This commentary argues that U.S. President Donald Trump is providing cover to exactly the wrong types of governments to crack down on news outlets in their countries.
From the Guardian, by Isaac Stone Fish (“Despots are embracing Donald Trump’s ‘war on the media’ with open arms“):
In mid-February, Venezuela booted CNN En Espanol from the airwaves, claiming, in a fancier version of Trump’s language, that CNN’s reports “defame and distort the truth.” After the White House in late February barred several news outlets, including the New York Times and Politico, from attending a routine briefing, a government spokesman in Cambodia cited that as an inspiration – and threatened to expel news outlets that don’t follow Phnom Penh’s orders.
Also in late February, Russia’s Ministry of Foreign Affairs website launched a page featuring foreign media reporting that it claims contains false information. The Ministry decorated each article – which come from outlets including The New York Times, Al-Jazeera, and the tiny Santa Monica Observer, among others – with the word ‘Fake.’ (“Stop spreading lies and false news,” a Russian foreign ministry spokesperson told a CNN reporter in early March.)
These attacks serve two main purposes. They intimidate the media, and strive to ingratiate the country’s government with Trump.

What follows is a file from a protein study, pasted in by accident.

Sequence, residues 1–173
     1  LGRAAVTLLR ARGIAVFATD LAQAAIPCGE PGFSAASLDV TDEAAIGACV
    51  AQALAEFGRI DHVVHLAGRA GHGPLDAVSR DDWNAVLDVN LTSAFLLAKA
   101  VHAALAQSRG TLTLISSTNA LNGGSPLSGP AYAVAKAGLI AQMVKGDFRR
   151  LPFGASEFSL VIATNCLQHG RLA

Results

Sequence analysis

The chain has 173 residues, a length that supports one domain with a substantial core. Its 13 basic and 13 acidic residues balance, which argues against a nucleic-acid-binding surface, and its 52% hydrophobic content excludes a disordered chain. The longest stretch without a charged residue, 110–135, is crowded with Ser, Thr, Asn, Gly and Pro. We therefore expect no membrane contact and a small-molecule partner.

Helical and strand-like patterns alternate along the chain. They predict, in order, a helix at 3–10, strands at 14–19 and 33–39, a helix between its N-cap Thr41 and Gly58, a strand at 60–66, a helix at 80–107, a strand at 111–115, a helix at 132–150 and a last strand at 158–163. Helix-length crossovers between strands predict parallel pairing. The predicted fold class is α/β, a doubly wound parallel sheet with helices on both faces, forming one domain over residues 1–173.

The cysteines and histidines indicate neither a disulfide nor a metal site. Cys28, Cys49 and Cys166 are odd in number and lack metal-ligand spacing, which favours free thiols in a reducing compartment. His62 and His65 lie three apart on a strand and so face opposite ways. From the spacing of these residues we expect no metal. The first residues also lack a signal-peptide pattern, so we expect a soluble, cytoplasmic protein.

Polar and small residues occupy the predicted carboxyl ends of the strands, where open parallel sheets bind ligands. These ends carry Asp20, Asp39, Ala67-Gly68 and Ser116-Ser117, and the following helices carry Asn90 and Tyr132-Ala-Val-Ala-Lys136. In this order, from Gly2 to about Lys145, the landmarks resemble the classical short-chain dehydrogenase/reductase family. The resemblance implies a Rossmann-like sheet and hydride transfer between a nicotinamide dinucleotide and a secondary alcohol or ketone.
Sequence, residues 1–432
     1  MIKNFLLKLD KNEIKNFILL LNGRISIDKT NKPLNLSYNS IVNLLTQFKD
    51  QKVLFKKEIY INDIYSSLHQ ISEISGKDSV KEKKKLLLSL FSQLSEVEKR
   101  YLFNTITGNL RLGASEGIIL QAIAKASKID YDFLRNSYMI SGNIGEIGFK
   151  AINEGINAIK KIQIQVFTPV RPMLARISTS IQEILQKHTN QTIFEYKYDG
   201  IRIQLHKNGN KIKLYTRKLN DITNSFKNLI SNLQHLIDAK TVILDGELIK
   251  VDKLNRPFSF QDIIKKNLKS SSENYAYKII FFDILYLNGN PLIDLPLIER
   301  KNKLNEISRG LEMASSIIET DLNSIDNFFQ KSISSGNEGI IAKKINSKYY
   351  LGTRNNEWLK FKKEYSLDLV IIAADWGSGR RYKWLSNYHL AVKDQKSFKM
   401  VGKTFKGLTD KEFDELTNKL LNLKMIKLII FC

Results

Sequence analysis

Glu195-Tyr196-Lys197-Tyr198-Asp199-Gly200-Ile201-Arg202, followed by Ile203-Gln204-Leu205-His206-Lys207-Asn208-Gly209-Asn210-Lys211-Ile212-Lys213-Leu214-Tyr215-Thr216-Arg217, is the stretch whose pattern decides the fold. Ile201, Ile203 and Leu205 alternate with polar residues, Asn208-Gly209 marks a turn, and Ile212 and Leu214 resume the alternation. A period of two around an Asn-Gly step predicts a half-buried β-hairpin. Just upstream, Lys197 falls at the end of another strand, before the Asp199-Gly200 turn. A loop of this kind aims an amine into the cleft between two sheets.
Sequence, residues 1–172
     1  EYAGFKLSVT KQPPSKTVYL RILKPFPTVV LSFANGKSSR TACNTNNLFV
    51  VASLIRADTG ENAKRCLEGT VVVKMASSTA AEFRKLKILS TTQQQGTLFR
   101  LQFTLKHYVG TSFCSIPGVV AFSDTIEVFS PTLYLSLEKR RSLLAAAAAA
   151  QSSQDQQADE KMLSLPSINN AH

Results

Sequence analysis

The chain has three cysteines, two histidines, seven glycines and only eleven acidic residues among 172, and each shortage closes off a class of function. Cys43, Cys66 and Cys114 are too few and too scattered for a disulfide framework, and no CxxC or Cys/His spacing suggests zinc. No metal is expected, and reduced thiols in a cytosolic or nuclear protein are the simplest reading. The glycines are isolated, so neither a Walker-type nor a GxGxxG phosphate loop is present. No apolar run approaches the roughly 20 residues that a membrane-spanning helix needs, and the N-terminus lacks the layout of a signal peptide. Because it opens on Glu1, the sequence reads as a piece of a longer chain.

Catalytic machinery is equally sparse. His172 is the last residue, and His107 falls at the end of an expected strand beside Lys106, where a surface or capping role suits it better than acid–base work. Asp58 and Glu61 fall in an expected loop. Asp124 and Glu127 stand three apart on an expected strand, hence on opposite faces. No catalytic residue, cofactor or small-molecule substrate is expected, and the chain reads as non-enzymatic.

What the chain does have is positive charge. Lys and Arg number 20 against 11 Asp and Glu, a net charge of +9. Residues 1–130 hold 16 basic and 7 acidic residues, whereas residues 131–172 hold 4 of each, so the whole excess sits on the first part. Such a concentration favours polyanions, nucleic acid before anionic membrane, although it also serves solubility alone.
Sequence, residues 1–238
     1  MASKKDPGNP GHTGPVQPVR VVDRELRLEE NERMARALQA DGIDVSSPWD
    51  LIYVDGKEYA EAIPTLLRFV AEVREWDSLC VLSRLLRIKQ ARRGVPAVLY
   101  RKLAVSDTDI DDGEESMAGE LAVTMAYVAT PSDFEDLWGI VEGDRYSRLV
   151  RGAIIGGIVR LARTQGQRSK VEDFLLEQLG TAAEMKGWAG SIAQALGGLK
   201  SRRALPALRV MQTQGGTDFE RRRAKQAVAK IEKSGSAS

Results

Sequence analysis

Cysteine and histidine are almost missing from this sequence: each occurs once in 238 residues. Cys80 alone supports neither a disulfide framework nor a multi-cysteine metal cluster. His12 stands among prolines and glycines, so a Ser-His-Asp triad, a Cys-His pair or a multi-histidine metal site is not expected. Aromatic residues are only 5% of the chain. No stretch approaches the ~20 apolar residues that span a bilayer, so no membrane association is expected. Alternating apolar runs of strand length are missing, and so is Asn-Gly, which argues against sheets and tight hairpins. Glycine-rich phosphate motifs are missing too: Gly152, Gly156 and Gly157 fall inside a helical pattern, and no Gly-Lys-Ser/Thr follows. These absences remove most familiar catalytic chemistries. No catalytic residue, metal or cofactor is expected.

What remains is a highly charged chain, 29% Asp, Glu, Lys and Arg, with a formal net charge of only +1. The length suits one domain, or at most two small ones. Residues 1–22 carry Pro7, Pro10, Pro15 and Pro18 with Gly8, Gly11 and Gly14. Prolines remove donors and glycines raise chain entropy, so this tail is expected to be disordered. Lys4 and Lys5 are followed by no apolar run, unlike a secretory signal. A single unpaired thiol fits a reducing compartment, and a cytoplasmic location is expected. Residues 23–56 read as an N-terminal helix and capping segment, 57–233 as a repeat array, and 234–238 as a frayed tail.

“To get on the United States’ good side, leaders would use the phrase ‘war on terror,’” said Keith Richburg, a longtime Washington Post foreign correspondent who’s now the director of the Journalism and Media Studies Centre at Hong Kong University. “Now we may see every dictator and autocrat” using the same anti-media language Trump uses, to harass foreign and domestic journalists. “Great opportunity for them to kick out American reporters, and deny them visas,” Richburg said. …
In the weeks following 9/11, Bush made sure to emphasize his respect for Islam, and for Muslims. “Islam is peace,” he said in a speech six days after the attacks. “These terrorists don’t represent peace.” Today, despite potentially huge budget cuts, the State Department will almost certainly continue to support American journalists abroad, and to advocate for press freedom globally. But will Trump stand up for the journalists, operating internationally, who come from outlets critical of him and his White House? That seems unlikely.